‘Scientists are often atheists,’ ‘the Indian cinema can never portray the Indian culture on screen,’ ‘India cannot produce movies based on science.’ Well, these are some preconceived notions that must have been at the back of the mind of any person walking into the theaters to watch Rocketry: The Nambi Effect.
Commonly known as Maddy, Rehna Hai Tere Dil Mein fame R. Madhavan has successfully made his directorial debut with Rocketry: The Nambi Effect, based on the life of ‘Rocket Scientist’ Nambi Narayanan. After watching the film, one can have just one emotion that is ‘disappointment’ due to the humiliating treatment the brilliant scientist received. Also, no Indian can thank Madhavan enough for bringing the untold story of Nambi Narayanan to the big screens.
Madhavan took on himself to tell the story of an underdog
Actor turned director R Madhavan is back on the big screen with the story of an underdog; the Indian scientist who had a life full of ups and downs. From rejecting the Presidential offer of NASA to being accused of espionage, scientist Nambi Narayanan witnessed many hardships.
Nambi Narayanan is an Ivy League scientist and can be referred to as the brain behind liquid fuel powered rockets. He was the one who dreamt of competing with the ‘superpowers’ by seeing directly into their eyes. However, no one can dare to change the world order and bring India onto the world stage without making some huge sacrifices.
The same happened with scientist Nambi Narayanan. He was arrested by the Kerala Police on the charges of supplying secret information to Pakistan through Maldivian operatives. Later, it was exposed that the entire spy story was fabricated by the AK Antony faction of the Kerala Congress.
The genius mind who ditched NASA, the one whose patriotism knows no boundaries, was humiliated by the petty politicians and police officers with the aim of destroying his career. There can be no compensation that can fill for it. The beauty of R Madhavan’s directorial debut is that it doesn’t miss out on any of the aspects of life of the brilliant scientist.
Rocketry brings out the minute details on the big screen
Madhavan, being the writer, has handpicked important chunks from Nambi’s life and has brought them alive on the screen. Madhavan, as the writer, director and actor has done a wonderful job.
The first half begins with the technical part in which Nambi is being shown as a brilliant scientist who wants his nation to take a big leap in rocketry. He manages to crack some crucial deals on the foreign land that would help India in the space technology.
Nambi’s intelligence has been portrayed very well with the scenes like earning a scholarship at Princeton, making some ridiculous demands from the CEO of Rolls Royce, leading a team of 52 scientists to learn a new technology and convincing Russians to sell their technology hidden from the world, at an affordable price.
None of the scenes look boring; rather Madhavan convincingly looks, acts and behaves like a scientist. It looks like R. Madhavan is living the life of Nambi Narayanan. The scientist jargon thrown at the audience is not that hard to understand, as the movie proceeds to make the audience understand, what are the technicalities of rocketry. Hence, one needs to watch the movie, not for its only for its cinematic accomplishes, but for a story that has been hidden from the masses for a very long time.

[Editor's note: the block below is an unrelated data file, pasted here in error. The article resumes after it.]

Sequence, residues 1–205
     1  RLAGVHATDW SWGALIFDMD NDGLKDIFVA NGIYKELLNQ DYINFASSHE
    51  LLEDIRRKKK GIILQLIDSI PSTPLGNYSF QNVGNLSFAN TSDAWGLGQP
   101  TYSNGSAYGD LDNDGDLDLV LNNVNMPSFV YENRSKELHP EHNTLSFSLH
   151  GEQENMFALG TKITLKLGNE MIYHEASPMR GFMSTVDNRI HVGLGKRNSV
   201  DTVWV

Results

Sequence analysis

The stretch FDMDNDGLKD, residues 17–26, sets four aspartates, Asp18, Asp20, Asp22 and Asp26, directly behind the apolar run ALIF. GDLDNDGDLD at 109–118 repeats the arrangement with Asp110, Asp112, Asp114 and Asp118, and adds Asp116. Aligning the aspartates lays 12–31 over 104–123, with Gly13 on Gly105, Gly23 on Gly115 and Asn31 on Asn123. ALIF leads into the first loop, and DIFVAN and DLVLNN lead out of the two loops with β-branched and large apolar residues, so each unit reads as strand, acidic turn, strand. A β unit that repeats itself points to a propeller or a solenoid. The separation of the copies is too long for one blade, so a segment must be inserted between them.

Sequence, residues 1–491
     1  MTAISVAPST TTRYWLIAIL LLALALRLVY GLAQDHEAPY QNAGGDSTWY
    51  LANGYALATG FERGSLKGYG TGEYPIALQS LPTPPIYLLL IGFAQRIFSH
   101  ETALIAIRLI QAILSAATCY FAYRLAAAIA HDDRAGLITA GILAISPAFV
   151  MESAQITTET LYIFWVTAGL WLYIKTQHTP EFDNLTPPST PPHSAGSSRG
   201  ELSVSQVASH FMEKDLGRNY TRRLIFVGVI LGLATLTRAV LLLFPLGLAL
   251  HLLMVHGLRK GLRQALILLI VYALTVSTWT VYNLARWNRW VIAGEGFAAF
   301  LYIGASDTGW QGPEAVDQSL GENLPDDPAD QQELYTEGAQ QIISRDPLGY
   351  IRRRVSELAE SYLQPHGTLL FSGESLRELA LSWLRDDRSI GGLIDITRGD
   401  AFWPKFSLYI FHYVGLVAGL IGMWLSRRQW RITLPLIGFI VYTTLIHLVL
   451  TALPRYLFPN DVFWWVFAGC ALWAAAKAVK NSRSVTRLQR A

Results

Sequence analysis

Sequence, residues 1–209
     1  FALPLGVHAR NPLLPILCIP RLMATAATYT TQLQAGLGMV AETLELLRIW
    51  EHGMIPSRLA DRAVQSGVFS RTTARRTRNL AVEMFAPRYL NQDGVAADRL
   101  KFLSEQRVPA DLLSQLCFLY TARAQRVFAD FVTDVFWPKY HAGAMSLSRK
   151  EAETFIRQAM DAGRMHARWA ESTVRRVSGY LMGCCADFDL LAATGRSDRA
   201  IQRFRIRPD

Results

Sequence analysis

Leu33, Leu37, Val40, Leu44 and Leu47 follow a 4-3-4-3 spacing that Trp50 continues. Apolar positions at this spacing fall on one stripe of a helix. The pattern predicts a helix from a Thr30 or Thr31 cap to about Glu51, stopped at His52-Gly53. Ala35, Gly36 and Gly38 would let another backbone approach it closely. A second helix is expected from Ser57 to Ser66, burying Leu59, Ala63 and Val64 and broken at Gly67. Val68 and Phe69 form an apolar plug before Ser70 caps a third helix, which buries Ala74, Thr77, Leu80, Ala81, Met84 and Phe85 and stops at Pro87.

Rocketry hits the nerve
Madhavan makes the audience connect with Nambi at a personal level. While watching the movie, one can feel every emotion that Nambi feels, be it love for the nation for which he completes several missions to his humiliation that leaves the audience teary eyed. The supporting cast too has done a fabulous job.
With good direction, good writing and good casting, Madhavan’s Rocketry stands a stage. However, some gaps need to be filled especially in the editing section, as at some instances the film takes a sudden shift. For audiences it may not be a festival bash, but it is definitely a story that people from different generations need to sit together and watch. A story that deprived India of a brilliant scientist and also a story that has been deliberately hidden from the masses.
Indian scientist Padma Bhushan Nambi Narayanan paid the price of his patriotism, but all these hurdles couldn’t deter him from contributing to the nation. The film also sheds some light on the lives and contributions of brilliant brains like Vikram Sarabhai and APJ Abdul Kalam.
Rocketry: Not loved by the ‘critics’
While the so-called film critics are busy bashing the R Madhavan directorial debut, the film portrays the story of an underdog. It is a very common practice of the film industry to pick the life story of a popular, celebrated personality for a biopic. This has become a sure shot success formula, as a celebrated icon is a guarantee for box office success. However, Madhavan took a brave step and defined a different approach. He gambled on a story of an underdog, and with compelling storytelling, he managed to grab the eyeballs.
The fate of the film will be decided by the word of mouth PR of the film, as the Left Liberal cabal is busy criticising Madhavan for picking up the story of a nationalist.
However, every self-acclaimed film critic, who is busy calling Rocketry a directorial disaster, must watch the movie at least once and search for answer of the question, which scientist Nambi Narayanan asks at the ending, ‘If he has been proven innocent, someone somewhere must be guilty, who deserves punishment.’ The whole of Left Liberal cabal should sit back and think for how long the brilliant scientist will have to wait for justice.
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